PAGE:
Medtronic’s application to the U.S. Food and Drug Administration is based on the experience over six months of 124 patients who turned over most of their disease management to the artificial pancreas technology. The equipment, which continuously monitors blood sugar and administers insulin with a pump, is more like cruise control than a self-driving car. The patients actively used the technology, known as a hybrid closed-loop system, 84 percent of the time.

“This was them, in their homes, going about their lives,” said Francine Kaufman, chief medical officer and head of diabetes at Medtronic. “There was no remote monitoring. The closed loop is running the train now.”

The system includes three components: a glucose sensor that’s attached to the body and measures sugar levels just under the skin; an insulin pump that’s strapped to the waist; and an infusion patch with a small needle that’s connected to the pump with a catheter and delivers the insulin.

FDA Guidance

Medtronic, based in Dublin and run from Minneapolis, has been working on the technology since it bought MiniMed Inc. for $3.7 billion in 2001. The effort got a boost in recent years from an unexpected source: the FDA. The agency, criticized for stringent demands that led many companies to introduce novel medical devices abroad first, reached out to the company and its peers to help guide development of the technology.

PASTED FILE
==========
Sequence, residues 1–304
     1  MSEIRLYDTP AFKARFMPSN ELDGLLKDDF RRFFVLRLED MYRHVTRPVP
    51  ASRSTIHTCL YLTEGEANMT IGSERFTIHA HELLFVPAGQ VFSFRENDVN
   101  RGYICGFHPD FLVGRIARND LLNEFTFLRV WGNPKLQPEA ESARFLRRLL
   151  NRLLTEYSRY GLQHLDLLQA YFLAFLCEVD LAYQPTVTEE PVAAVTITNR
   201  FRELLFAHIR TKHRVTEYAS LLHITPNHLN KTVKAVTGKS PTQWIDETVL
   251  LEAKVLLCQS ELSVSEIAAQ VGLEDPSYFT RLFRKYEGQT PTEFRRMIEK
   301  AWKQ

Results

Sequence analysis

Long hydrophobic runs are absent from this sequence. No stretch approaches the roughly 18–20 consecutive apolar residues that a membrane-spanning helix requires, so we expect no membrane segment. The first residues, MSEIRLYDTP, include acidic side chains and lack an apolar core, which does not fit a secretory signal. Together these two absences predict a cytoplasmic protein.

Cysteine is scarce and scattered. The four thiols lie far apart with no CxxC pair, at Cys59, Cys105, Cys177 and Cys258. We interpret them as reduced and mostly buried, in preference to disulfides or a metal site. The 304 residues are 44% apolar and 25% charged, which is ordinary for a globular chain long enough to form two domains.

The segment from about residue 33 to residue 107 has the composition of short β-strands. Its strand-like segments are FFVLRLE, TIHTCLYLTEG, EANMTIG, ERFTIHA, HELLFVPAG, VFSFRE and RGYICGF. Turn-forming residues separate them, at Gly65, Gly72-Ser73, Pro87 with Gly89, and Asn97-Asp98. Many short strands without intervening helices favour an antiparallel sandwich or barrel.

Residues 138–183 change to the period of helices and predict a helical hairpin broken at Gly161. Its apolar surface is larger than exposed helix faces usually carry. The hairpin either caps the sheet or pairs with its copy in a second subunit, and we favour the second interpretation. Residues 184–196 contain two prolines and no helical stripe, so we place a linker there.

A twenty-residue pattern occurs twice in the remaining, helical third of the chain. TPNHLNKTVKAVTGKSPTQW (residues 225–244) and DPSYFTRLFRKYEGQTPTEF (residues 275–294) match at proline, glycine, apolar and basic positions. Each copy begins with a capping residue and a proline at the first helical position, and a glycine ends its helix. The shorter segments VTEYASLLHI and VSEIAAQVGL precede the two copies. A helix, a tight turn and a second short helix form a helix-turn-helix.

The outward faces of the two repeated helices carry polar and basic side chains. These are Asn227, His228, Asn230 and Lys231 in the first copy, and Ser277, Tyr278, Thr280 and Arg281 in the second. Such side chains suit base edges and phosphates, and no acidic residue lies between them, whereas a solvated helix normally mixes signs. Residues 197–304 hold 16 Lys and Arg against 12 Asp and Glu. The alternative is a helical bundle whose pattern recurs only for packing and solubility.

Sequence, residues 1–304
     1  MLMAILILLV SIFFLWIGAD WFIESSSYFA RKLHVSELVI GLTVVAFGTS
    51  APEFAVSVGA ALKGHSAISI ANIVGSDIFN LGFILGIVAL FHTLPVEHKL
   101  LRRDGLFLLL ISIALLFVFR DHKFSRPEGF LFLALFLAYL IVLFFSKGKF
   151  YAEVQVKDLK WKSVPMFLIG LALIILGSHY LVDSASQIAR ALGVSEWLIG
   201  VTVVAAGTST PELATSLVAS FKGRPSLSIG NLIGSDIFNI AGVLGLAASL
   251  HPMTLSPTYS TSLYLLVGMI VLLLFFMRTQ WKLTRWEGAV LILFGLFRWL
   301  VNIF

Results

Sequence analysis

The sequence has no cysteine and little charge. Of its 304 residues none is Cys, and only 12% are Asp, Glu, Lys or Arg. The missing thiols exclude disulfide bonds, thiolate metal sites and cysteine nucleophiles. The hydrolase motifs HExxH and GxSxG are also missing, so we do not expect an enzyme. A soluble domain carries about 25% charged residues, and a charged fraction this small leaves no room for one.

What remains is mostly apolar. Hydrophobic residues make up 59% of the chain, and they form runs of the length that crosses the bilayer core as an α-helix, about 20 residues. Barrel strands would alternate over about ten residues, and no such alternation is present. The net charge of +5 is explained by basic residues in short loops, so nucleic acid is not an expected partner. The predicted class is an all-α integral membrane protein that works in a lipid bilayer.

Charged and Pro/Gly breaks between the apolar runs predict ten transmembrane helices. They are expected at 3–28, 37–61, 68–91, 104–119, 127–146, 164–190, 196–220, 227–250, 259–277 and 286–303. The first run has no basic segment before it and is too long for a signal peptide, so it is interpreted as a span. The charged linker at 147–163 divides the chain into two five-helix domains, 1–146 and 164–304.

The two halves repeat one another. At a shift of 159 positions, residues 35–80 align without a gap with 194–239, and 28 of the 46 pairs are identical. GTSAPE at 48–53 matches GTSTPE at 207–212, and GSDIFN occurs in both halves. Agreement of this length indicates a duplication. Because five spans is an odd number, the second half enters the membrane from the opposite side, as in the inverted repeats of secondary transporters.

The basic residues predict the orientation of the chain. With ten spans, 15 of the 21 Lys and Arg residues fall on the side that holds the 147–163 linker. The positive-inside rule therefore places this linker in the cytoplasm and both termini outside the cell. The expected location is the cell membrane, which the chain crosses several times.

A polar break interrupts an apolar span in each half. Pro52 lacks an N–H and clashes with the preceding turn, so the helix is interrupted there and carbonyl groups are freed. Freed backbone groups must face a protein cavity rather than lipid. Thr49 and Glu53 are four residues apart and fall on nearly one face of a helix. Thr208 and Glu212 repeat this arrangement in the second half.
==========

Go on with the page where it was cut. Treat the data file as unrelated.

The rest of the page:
“We have really tried to make this a major priority,” said Stayce Beck, the FDA’s branch chief for diabetes diagnostic devices, who has spent hours meeting with companies, researchers, patients and activists.

The FDA had other surprises in store. It didn’t require that the new technology control blood sugar better — or even as well as — the older technology. Instead, the agency was open to any number of improvements that would make a patient’s life better, Beck said.

Lower Blood Sugar

The trial showed Medtronic’s automatic approach performed better than manual fine-tuning, even among patients who could deftly tweak their insulin levels. At the start of the study, the patients had an average blood sugar level of 7.4 using the A1C test, above the target of 7 or less for most diabetics. At the end of the trial, the average was 6.9, with 58 percent of patients getting to the goal. There weren’t any malfunctions, no one got extremely high or low blood sugar levels, and no one passed out or was hospitalized, Bergenstal said.

Patients using the technology still have some obligations. They must recalibrate the device with a traditional finger-stick reading every 12 hours; the glucose sensor must be changed every seven days; and the insulin pump must be refilled every three days.

“The work isn’t gone, but it seems to be a lot less,” Bergenstal said.

The trial participants didn’t want to give up the artificial pancreas once the study was completed. A group went to the FDA to ask for extended access to the device, and the agency brought the request to Medtronic. The study is now in an extended review period, with more than 100 volunteers, including Hazelton, sticking with the equipment. Medtronic expects the FDA to rule on the device within a year.